It wasn’t until I helped solve the [Unabomber] case using language that the word ‘linguistics’ came into my lexicon. I already had a master’s in organizational psychology. I wanted to be respected and get the credibility I thought I deserved, so I went to Georgetown to get my masters in linguistics. I’ve never called myself a ‘forensic linguistic professional.’ I’m a criminal profiler with a separate expertise in linguistics. I’m really the only one.
The FBI had been trying to identify the Unabomber for years. What was unique about your approach?
I’m thrust in the middle of this 17-year-long investigation, where no traditional investigative techniques were working. We have a case with volumes of written material. I picked up on a few things right away and the bosses said, ‘Well, Fitz, why don’t you run with the writings and see what you can come up with?’ I did.
It developed in steps. I was picking up on the language this person was using, like ‘Negro’ and ‘Chicks’ (referring to women), and other archaic terms that were rarely seen. Even as a young profiler and nonlinguist, I thought, ‘These are terms Frank Sinatra would use!’ This guy must be older than some of the profiles we have out there.
I also picked up on what I considered ‘contra-indications.’ He wrote to Dr. [David] Gelernter at Yale, one of his victims. (He didn’t die.) In the beginning of that letter, the Unabomber writes, ‘People with advanced degrees aren't as smart as they think they are.’ Four sentences later, the Unabomber writes, ‘Apparently people without a college degree don't count.’ These tidbits of alleged biographical information were the only things he offered at all about himself during the entire 17 years of the investigation, even if written in negated form… I began to surmise that these negated references can't be accurate. They must be the opposite, so to speak, and he does have a college degree, and even possibly an advanced degree. Of course, it turned out he had a Ph.D.
What was the moment you realized the Unabomber was Ted Kaczynski?
I spent five months at the Unabomber task force, looking at known writings of people we had as suspects. In the summer and fall of ’95, we had about 2,500 different subjects! I go back to Quantico in mid-February 1996 [to work on another case]. One of the bosses at Unabomb Task Force (UTF) faxes me a 23-page document. I ask who it’s from. He says, ‘Oh a guy from the midwest who came up as a suspect. Just let us know what you think.’
I took this 23-page document off the fax machine. I look at my dog-eared and multicolored version of the manifesto and, in two hours, I realized the faxed copy I just received was an outline of the manifesto, using much of the same wording, definitely the same topics and themes. I called back my boss at the UTF and said, ‘You’ve got one of two things. This is an elaborate plagiarism; the author of this new document took the published manifesto in the Washington Post and put it together and made it look like something.’ He said, we know that’s not it.’ So I said, ‘You’ve got your man.’
The arrest was an FBI team effort, but the language analysis was my baby. I invented it for this case and really, forensics linguistics took off after that.
What’s it like watching the defining moment of your career turning into a TV series?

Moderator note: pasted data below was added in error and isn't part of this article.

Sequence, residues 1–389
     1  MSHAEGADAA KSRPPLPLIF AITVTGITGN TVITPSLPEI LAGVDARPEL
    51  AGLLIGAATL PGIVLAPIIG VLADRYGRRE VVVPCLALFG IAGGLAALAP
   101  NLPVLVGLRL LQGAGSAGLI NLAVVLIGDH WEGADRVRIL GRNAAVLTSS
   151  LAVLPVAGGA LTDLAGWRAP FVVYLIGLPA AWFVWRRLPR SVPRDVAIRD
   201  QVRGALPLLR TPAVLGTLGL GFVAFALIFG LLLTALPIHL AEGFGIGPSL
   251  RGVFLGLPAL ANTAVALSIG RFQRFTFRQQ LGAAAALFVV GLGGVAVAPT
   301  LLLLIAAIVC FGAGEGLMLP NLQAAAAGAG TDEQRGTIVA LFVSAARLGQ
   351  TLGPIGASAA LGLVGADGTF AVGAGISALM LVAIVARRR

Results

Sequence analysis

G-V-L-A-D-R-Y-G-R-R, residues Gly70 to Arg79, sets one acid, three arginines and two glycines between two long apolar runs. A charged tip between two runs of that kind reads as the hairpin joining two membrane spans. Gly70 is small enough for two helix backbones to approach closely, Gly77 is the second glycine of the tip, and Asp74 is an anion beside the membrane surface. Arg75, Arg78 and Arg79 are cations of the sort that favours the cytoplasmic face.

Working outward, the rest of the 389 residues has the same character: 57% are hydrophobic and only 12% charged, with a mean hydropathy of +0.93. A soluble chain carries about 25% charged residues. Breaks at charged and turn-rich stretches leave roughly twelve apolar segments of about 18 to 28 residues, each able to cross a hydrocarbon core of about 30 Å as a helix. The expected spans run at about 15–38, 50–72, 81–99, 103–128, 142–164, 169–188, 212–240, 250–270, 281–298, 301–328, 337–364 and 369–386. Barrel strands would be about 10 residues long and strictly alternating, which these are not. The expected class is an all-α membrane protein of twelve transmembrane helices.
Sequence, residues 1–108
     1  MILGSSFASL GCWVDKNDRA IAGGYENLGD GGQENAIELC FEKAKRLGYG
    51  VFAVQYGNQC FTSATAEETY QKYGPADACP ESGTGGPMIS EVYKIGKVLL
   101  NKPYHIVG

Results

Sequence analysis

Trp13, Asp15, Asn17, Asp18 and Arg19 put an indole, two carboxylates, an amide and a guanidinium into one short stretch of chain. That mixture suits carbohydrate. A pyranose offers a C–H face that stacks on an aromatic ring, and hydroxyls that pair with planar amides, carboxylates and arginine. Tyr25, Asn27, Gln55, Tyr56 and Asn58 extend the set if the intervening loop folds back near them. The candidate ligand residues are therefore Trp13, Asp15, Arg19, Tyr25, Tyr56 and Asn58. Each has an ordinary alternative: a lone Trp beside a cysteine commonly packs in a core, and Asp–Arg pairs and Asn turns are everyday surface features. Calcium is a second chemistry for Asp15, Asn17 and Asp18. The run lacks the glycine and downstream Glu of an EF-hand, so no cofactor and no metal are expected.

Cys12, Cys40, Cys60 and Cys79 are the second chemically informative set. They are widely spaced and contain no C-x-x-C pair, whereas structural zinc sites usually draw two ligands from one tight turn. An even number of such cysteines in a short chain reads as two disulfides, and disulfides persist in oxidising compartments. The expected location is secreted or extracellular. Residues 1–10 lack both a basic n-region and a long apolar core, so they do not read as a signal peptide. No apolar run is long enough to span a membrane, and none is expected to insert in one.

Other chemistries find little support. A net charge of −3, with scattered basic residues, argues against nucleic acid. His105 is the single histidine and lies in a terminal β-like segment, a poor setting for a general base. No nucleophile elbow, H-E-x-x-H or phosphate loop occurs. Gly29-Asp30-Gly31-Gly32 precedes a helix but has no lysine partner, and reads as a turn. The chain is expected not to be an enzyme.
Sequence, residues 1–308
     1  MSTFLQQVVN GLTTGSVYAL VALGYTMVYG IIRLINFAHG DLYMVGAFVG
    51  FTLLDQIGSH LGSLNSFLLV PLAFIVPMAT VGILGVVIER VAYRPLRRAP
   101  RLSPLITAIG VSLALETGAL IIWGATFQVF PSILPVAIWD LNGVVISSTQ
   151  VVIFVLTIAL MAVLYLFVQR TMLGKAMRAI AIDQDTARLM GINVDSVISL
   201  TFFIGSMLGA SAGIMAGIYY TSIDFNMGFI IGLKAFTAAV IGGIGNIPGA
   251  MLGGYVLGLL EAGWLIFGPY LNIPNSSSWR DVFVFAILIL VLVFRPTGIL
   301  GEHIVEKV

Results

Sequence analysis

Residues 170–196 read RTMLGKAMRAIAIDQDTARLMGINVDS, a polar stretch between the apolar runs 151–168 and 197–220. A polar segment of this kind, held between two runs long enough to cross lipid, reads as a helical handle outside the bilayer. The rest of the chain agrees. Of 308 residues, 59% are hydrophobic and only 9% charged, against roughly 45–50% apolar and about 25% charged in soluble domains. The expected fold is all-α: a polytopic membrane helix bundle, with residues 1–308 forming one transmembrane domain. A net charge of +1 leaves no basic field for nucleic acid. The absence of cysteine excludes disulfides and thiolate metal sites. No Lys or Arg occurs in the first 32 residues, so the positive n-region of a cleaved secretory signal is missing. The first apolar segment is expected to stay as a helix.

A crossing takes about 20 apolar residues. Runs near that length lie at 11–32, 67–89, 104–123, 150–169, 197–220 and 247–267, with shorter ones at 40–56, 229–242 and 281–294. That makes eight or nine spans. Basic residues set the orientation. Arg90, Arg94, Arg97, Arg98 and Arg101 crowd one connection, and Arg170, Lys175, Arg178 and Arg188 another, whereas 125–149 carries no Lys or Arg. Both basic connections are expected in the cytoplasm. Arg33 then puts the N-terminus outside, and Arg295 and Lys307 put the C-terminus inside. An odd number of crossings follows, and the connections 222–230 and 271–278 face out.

It’s surrealistic. I’ve gone through the thesaurus and that’s the best use of the word. It’s like a dream. I was on set in May watching Sam Worthington playing Jim Fitzgerald and he’s reciting words that I actually said in 1995 or ’96, in a room made to look very much like a mid-90s FBI bullpen office area!
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Chris Noth plays F.B.I. agent Don Ackerman on the new Discovery series Manhunt: Unabomber. Jason Elias for Discovery Channel
There are so many shows out there about unthinkable crimes and the investigators who try to solve them. Why are we so fascinated with stories like these?
We live in a society, unfortunately, in which there is an ongoing problem with violent crime. We know it could happen anytime, and there’s something innate in us, like passing the car accident in the lane next to you. You’re glad it’s not you, and you honestly feel badly for the people who’ve been hurt or worse, but there’s not just a morbid but defensive mode that you want to look and think, ‘How could I have avoided that happening?’
Most TV shows, the victims tend to be middle class or above. Everybody’s life should be valued the same, but the TV networks know their demographic and most victims and investigators are usually reflective of the general population that watches their shows. There aren’t too many shows about homeless people living under a bridge who are murdered. But a lot of homeless people don’t watch TV on a regular basis. People want to see crimes committed against people like themselves. It’s a way of enjoying the whole story line and waiting for a trick ending of how a profile or DNA solved it. They want to know how to avoid this type of situation in their own lives… These are cautionary tales, and whether conscious or subconscious, they just want to know how to protect themselves. If there was no crime in our country I don’t think the shows would do well.
Early in your career, you worked on stalking cases in New York City. I read that one of those involved President Donald Trump. What happened?
In New York City, I was on a bank robbery squad but we also handled kidnappings, extortions and threats. I did have a chance to meet a few interesting people along the way. NBC’s Bryant Gumbel and Jane Pauley used to get all kinds of threats. Rush Limbaugh had all kinds of threats.
I was called one day into my office by the director of security of Trump Incorporated. This was ’91 or ’92. He said, ‘Our office is getting all these hang-up phone calls. We hear voices in the background. They sound threatening. Could you get a case assigned?’ It was assigned to me. I was dressed down that day in jeans and a three-button shirt; we’d surveill bank robbers sometimes. I said, I can come down, but not today. I went the next day and wore a suit. I spoke to the security guy. All of a sudden the door opens behind me and Trump comes in. He told me to call him Donald.